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The 2022 native plant propagation training cohort gathered at the La Jolla Indian Campground for a final convening to close our the inaugural training season. The day began with a tour to discuss the impacts the gold spotted oak borer is having on the oaks, and what is being done to address this growing problem. On the tour, the cohort was joined by the Tribal Working Group, in a joint gathering at the campground.

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Third 2022 Native Plant Propagation Training

May 28, 2022

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The third native plant propagation training was hosted by the Augustine Band of Cahuilla Indians in the Coachella Valley. Participants spent the day at Temalpakh Farms, where they toured the facilities and learned about the current and future projects the Tribe plans to accomplish. During this time, participants caught up with one another and engaged with Elders and knowledge holders who spoke about different native plant species, plant pathogens, healthy soils, and programs focused on protecting native plants.

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Southwestern Tribal Climate Change Summit

May 16 - 18, 2022

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The Southwestern Tribal Climate Change Summit brought together 250 attendees representing both Tribal and non-Tribal communities to focus on the kinship with fire and its role in community, conservation, and climate change adaptation efforts throughout the Southwest and North America.

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Second 2022 Native Plant Propagation Training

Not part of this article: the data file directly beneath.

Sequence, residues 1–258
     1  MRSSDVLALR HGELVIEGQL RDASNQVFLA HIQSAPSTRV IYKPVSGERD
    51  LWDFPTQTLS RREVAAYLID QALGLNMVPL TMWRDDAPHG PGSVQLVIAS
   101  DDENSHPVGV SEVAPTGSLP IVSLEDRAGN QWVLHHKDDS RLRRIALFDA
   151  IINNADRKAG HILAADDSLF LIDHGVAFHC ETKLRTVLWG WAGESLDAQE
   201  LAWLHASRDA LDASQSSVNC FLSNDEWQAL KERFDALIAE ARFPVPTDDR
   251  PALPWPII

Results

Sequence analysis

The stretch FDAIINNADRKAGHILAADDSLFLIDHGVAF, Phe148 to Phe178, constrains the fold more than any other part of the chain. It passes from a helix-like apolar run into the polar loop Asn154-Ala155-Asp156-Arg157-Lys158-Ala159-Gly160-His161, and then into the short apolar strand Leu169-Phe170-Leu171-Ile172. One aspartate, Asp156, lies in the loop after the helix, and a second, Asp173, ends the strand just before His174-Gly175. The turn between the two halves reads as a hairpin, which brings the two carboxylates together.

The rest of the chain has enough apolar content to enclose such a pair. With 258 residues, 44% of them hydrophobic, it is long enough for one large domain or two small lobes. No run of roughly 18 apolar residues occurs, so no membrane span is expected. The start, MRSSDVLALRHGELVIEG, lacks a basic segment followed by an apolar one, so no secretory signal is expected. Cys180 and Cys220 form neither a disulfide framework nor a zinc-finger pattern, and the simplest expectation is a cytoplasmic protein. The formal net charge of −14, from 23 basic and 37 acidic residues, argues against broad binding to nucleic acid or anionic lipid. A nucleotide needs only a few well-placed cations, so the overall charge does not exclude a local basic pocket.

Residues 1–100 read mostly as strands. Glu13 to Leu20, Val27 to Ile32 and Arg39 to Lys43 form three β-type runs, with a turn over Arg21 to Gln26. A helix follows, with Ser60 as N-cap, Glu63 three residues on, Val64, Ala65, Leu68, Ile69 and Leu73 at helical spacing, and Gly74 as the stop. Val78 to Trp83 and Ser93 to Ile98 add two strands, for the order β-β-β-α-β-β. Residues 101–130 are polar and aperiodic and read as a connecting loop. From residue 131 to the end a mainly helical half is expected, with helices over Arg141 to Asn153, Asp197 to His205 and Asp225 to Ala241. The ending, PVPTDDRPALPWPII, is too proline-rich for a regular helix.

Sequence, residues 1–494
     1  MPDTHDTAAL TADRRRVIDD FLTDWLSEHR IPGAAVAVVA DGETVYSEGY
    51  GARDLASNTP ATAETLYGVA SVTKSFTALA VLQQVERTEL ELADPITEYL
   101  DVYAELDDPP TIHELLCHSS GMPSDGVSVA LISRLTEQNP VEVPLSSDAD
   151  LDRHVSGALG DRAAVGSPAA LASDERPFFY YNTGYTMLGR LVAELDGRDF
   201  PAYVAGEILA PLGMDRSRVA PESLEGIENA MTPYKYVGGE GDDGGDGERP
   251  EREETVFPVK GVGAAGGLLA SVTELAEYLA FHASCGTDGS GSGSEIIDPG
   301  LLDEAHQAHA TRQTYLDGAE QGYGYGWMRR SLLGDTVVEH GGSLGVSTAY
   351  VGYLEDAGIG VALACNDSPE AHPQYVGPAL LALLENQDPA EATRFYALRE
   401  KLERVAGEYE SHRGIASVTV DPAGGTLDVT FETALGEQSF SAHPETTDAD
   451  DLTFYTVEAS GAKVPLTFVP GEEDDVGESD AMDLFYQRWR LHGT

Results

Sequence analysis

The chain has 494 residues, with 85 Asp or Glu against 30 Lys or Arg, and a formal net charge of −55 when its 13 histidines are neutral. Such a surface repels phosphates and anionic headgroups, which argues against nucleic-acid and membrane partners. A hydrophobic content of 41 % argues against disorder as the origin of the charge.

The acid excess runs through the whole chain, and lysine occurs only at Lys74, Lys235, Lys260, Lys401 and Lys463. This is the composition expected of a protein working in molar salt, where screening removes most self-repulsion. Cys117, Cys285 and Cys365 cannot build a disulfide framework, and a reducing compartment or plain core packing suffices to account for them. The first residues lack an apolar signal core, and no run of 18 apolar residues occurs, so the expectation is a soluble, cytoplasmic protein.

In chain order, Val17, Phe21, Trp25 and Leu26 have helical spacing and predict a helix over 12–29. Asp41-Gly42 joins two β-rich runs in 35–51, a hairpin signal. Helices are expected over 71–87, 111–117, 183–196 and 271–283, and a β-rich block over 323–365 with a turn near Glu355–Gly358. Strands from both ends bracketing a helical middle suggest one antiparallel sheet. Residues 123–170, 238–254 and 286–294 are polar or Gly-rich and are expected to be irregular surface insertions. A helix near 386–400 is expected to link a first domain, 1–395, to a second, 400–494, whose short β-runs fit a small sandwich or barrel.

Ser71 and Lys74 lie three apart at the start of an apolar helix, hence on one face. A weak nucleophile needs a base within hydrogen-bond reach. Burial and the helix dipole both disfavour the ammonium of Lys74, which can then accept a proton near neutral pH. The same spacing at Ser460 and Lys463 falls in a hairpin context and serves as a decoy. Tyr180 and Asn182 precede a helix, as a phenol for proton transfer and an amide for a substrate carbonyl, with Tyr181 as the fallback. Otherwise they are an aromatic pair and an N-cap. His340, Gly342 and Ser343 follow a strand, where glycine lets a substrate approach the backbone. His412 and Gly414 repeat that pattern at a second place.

April 30 - May 1, 2022

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The second native plant propagation training was hosted by the Pauma and Pechanga Bands of Luiseño Indians. Trainees had two days to connect with each other, the landscape, scientists, Indigenous Elders, and to learn technical skills around plant propagation.

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First 2022 Native Plant Propagation Training

March 26 - 27, 2022

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The first native plant propagation training took place at the Jamul Indian Village and surrounding areas. Trainees had two days to connect with each other, the landscape, climate change scientists, Indigenous elders from both sides of the border, and to learn technical skills around plant collection and propagation.

Pathway Key:

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(Plant)
Native Plant Conservation, Propagation, & Restoration

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(Fire)
Indigenous Fire Stewardship

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(Water)
Water Wisdom

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(Adaptation)
Climate Adaptation Technical Training & Tools